Much of the current advice is on how to cut spending and to increase income in order to save more.  Yet, many of these issues are symptoms of greater issues like lack of self-worth, fear of money or worry about scarcity.  These are the issues that need to be addressed versus what we do with money.  Money is just energy.  When we see the disruption of the flow of energy (e.g., with debt), then we need to find the cause and not just treat the symptom (e.g., debt).  It is similar to a sleeping pill; you can take it a night or two if you are having a temporary issue.  Yet, if the issue is still around days later, the sleeping pill is only treating the symptom (lack of sleep), rather than the cause.  So what are the causes of your money problems?

6) Become empowered

Many programs today are very regimented to make it easy for people to follow their advice.  For example, "Pay Yourself First" advice is about saving of 10 percent automatically and makes it easy to set up and to follow.  This is not bad advice.  However, it is set up this way under the assumption that people will spend money that they have (lack of self-control).  Thus, it sets up a plan to save money automatically, without  dealing with the self-control issue.  This is just treating the symptom and not the cause.  I find automatic saving plans are great if they are in conjunction with setting up a budget and choosing to set aside a certain amount of money.  This is different than just "Pay Yourself First".  By doing a budget, the person is taking control over their money versus money controlling them.  This is the first step to getting out of the struggle is by taking control.  Once you have control, it is easier to adapt to what life throws at you (e.g., higher gas prices) because you have already know what part of the budget you can rearrange.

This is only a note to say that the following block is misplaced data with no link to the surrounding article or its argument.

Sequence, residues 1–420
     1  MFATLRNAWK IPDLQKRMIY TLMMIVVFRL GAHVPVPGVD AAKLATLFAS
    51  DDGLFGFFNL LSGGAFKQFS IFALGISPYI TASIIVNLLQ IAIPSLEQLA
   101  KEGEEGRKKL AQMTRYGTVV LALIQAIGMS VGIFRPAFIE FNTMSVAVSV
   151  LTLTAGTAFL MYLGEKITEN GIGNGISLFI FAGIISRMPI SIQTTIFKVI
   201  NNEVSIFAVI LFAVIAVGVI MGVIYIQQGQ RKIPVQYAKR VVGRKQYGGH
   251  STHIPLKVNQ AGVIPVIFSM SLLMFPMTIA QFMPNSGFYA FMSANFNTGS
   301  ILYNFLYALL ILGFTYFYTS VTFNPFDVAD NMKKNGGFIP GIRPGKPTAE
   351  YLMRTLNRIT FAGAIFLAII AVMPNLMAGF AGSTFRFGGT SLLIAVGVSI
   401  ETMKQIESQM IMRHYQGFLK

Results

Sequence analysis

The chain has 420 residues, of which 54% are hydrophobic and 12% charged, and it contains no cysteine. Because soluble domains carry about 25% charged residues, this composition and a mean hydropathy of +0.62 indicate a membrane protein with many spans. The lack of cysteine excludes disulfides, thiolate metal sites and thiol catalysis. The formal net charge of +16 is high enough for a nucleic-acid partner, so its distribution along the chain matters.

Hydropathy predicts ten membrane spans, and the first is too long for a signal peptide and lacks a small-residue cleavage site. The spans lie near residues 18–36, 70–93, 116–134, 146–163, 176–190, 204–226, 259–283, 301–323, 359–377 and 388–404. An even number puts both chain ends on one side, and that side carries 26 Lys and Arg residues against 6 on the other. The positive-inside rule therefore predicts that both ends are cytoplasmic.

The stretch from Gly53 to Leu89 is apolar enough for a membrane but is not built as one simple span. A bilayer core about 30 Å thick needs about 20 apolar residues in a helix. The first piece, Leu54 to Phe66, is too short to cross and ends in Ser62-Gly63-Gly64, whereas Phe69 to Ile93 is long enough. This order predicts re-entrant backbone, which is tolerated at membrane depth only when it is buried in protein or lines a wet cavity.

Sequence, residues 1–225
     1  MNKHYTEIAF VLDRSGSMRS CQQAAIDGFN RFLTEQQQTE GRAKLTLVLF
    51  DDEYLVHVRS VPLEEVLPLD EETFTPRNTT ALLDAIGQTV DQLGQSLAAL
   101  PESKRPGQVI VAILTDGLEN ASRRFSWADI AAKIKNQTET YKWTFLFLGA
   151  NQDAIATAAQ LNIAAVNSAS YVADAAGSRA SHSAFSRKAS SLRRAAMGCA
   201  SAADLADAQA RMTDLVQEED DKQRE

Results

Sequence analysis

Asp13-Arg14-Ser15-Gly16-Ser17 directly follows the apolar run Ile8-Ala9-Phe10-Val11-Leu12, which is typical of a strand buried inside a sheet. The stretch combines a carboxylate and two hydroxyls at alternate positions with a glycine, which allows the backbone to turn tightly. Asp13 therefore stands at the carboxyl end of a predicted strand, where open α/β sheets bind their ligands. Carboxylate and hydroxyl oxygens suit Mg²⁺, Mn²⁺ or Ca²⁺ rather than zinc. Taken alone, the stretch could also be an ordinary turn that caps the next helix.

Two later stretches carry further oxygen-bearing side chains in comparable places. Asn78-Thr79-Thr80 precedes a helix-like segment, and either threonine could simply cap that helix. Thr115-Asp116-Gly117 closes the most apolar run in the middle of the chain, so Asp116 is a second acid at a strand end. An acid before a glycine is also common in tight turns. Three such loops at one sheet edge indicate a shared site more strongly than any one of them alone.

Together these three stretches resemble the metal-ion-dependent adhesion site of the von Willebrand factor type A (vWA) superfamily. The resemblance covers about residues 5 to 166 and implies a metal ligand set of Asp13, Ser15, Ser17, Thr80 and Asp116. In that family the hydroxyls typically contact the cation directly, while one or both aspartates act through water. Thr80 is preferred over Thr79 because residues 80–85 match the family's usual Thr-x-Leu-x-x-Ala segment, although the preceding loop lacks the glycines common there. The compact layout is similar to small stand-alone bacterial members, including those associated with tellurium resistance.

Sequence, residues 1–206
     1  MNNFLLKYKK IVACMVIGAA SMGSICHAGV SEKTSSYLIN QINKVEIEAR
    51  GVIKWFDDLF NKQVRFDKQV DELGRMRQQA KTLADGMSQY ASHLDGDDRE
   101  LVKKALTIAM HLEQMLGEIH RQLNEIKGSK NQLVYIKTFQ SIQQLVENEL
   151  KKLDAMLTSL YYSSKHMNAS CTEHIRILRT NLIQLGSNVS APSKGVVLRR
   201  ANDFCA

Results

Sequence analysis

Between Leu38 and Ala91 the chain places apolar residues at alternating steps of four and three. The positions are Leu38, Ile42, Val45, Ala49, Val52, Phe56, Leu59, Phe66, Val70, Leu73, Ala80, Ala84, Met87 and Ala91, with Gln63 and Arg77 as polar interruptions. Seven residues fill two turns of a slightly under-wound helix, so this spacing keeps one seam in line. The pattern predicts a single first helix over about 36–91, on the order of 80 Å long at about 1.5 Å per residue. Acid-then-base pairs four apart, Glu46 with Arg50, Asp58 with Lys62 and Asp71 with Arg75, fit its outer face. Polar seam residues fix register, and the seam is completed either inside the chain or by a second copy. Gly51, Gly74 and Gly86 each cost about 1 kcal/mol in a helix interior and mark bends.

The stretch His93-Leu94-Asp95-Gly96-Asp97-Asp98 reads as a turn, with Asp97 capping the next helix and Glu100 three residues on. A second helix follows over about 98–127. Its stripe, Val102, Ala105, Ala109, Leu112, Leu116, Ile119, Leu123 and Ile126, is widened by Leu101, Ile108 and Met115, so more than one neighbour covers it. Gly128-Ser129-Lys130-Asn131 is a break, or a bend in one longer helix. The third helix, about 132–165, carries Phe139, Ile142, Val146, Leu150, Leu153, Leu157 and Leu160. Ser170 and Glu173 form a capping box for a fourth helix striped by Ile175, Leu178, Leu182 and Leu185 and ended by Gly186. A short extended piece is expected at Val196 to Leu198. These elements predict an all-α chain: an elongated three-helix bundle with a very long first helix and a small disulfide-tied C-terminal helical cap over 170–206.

7) Look at what will happen if you succeed?

One question that should be asked is how is your current situation (good or bad) serving me?  You may ask how can something like debt or not saving for retirement be helping me?  There are several reasons that your subconscious may be thinking.  One of the main reasons may be that we tend to want what we are use to.  If we are use to money being a struggle, we tend to find situation in which money continues to be a struggle. 

Part of this is due to the chemical reaction in our brain which is created when we are stressed and struggling.  Our bodies get use to this chemical reaction (just like it gets use to chemical effects of tobacco, alcohol or drugs) where our brain wants to find situations to create a similar chemical reaction (just like procrastinators thrive on the adrenaline rush of just meeting a deadline). 

Another part is sometimes our social network may be based on others who are in similar situations.  If we get a promotion or end our financial struggle, do we believe that we might lose our friends because now we have one less thing to talk about (e.g., money struggles or bashing your boss - if you get a promotion to become the boss).   If we talk about how bad the economy is with our friends and our financial struggles end, what is left to talk about?

Or, we just may not want to change.  We fear what may be on the other side of the road.  If we view rich people as greedy, why would we want to become like them?  Even though we do not want to become greedy, we deny ourselves wealth because we think wealth will lead to greed.

So how may your financial struggles be serving you?
Topic Menu

The material on this website is provided for educational purposes only.  We make no guarantees regarding the accuracy, completeness, or applicability of any material presented on this website.  This website is not a substitute for individual financial or counseling advice.  You should seek the advice of a professional regarding your particular situation.  My Financial Awareness is not responsible for any losses, damages or claims that may result from your financial decisions.

Copyright © 2008 by My Financial Awareness, L.L.C.
E-mail questions and comments to pete @ myfinancialawareness.com